LEADAY, Texas (Nexstar) — Lake in West Texas is the latest waterway to fall victim to invasive zebra mussels.

According to the Texas Parks and Wildlife Department, multiple specimens were found in O.H. Ivie Lake in 2019. The lake is in Coleman County, about an hour east of San Angelo, Texas.

Zebra mussels affixed to a rock on Lake Travis. (KXAN Photo/ Alyssa Goard).

Zebra mussels reproduce rapidly and can have “serious economic, recreational and environmental impacts on Texas reservoirs and rivers.” Texas Parks and Wildlife said the mussels can harm aquatic species, cover rocks, beaches, hard surfaces with sharp shells, clog water intakes, damage or increase maintenance on facilities using raw surface water, and damage boats stored in lakes with zebra mussels.

Four adult zebra mussels were discovered by the Colorado River Municipal Water District in March 2019 in an above ground storage tank that is part of the lake’s water transmission system near San Angelo, the agency reported. Further testing revealed a zebra mussel veliger larva near the Concho Recreation Area boat ramp in November.

“TPWD and CRMWD are going to continue to monitor the situation to determine if zebra mussels have established a reproducing population in the lake, but we are also asking the public to help us by keeping an eye out and reporting any zebra mussel sightings at O.H. Ivie Lake to aquaticinvasives@tpwd.texas.gov,” said Monica McGarrity, Texas Parks and Wildlife Department’s Senior Scientist for Aquatic Invasive Species Management.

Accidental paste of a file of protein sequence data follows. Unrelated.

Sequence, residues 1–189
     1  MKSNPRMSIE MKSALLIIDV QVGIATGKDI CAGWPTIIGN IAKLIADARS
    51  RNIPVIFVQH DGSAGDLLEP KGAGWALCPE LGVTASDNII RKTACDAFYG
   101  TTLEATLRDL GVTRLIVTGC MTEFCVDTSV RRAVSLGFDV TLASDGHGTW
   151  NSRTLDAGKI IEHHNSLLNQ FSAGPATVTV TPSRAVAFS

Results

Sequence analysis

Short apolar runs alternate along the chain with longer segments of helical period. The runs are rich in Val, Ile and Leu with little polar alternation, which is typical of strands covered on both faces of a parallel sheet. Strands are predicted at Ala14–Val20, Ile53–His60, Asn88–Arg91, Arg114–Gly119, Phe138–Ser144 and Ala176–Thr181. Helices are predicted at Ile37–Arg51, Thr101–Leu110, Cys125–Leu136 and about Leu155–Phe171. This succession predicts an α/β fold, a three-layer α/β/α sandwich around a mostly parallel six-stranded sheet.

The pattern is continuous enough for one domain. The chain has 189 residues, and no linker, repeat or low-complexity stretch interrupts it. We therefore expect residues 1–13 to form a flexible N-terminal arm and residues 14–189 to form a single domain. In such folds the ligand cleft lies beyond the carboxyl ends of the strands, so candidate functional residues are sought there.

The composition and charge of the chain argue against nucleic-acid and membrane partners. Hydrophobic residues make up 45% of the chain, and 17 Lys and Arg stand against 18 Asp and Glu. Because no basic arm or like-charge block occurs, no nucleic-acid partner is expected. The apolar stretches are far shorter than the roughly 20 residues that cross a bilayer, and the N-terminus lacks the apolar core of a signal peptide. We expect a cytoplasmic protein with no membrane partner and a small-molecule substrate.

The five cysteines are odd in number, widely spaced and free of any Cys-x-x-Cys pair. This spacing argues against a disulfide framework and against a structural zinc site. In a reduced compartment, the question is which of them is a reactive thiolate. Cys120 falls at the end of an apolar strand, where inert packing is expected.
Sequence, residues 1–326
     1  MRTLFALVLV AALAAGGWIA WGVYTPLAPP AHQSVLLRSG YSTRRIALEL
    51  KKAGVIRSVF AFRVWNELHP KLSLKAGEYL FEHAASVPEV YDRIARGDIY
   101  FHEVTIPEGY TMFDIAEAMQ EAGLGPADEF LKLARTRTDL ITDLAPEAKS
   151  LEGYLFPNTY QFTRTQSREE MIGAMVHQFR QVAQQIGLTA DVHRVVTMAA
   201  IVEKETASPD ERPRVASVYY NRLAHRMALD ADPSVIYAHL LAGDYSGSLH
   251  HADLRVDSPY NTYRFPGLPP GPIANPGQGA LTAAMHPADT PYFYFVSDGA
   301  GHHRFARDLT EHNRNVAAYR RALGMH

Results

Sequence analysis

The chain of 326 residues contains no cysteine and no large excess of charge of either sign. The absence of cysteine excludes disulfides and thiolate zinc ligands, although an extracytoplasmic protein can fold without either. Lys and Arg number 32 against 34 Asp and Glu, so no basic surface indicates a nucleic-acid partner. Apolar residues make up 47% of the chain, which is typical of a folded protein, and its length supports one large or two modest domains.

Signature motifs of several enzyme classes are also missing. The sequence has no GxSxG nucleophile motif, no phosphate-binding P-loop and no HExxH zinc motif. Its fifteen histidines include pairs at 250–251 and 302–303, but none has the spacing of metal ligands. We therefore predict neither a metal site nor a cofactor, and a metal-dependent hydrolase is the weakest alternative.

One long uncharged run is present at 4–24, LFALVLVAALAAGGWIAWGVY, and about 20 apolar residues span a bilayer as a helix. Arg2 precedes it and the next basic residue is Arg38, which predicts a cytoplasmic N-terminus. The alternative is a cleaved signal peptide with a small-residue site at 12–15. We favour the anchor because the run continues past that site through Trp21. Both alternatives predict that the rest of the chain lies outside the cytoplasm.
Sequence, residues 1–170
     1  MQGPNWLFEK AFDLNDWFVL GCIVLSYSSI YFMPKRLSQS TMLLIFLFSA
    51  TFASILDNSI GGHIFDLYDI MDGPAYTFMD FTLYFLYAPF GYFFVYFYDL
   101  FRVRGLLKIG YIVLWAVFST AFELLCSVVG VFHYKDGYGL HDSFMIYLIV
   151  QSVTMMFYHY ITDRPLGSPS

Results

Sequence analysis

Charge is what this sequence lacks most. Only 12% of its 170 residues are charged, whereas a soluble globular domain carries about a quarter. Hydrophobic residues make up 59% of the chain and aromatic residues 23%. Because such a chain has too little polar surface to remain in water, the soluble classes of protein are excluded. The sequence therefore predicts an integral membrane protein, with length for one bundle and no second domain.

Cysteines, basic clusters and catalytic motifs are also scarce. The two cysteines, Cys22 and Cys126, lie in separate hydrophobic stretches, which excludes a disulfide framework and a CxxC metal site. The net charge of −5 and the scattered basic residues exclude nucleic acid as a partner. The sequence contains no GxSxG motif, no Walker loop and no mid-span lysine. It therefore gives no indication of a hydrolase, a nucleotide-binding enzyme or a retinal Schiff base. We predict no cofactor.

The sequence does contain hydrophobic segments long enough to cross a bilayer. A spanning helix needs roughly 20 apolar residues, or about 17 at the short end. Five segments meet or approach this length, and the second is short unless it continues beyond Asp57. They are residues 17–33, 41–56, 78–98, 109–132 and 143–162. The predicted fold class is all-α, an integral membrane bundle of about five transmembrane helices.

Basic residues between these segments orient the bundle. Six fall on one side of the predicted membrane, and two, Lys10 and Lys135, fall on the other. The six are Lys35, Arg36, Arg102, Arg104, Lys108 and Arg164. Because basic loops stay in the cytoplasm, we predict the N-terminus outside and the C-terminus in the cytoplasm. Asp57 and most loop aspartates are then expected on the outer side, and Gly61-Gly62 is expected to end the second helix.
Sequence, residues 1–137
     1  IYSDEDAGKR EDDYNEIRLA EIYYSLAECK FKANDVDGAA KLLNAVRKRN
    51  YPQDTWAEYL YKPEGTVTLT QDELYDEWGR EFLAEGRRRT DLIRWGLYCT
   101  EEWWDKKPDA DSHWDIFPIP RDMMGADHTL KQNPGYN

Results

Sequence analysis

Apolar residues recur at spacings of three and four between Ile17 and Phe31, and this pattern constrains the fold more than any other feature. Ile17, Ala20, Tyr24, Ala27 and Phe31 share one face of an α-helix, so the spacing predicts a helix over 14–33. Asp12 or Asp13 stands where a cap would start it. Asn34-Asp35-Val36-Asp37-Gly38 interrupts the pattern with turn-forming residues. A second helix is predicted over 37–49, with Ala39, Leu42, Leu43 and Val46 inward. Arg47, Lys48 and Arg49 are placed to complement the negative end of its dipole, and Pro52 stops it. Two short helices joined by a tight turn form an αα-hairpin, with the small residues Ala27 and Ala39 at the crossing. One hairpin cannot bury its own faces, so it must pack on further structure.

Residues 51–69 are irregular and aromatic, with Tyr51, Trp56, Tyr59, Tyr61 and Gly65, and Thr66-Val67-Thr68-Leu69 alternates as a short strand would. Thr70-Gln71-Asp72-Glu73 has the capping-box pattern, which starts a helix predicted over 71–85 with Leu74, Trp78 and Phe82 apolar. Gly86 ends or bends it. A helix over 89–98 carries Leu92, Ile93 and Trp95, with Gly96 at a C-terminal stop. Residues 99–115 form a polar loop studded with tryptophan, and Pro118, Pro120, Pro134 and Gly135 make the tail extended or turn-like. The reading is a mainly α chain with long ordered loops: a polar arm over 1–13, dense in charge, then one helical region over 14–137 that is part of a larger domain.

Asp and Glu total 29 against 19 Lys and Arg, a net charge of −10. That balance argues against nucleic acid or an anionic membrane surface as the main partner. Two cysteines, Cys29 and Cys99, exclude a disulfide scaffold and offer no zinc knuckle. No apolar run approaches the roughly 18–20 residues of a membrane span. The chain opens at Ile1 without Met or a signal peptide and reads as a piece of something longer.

The discovery of zebra mussels in O.H. Ivie Lake marks the 30th Texas lake where the invasive species has been found.

Image provided by Texas Parks and Wildlife Department

According to the state agency, O.H. Ivie is the sixth lake in the Colorado River Basin where zebra mussels have been found, alongside Austin, Lady Bird, Lyndon B. Johnson, Marble Falls, Travis and Walter E. Long.

The newest discovery is upstream from the other waterways where zebra mussels have been previously found in that same river basin, agency leaders suspect they were transported on a boat or other water equipment.

“It is essential that boaters be vigilant to not spread zebra mussels to nearby lakes that are now at higher risk due to proximity of zebra mussels,” said Brian Van Zee, Texas Parks and Wildlife Department Inland Fisheries Regional Director. “It is important for all lake users to protect our lakes by cleaning, draining and drying their boats and equipment every time they leave the water and properly decontaminate their boat if it was stored in the water on lakes with zebra mussels.”

Anyone who believes they have seen zebra mussels in Texas waterways is encouraged to email photos and location information to aquaticinvasives@tpwd.texas.gov and report the sighting by calling 512-389-4848.

The agency posted more information about zebra mussels at at tpwd.texas.gov/ZebraMussels. TPWD has also shared a short instructional video on how to properly clean, drain and dry boats and equipment.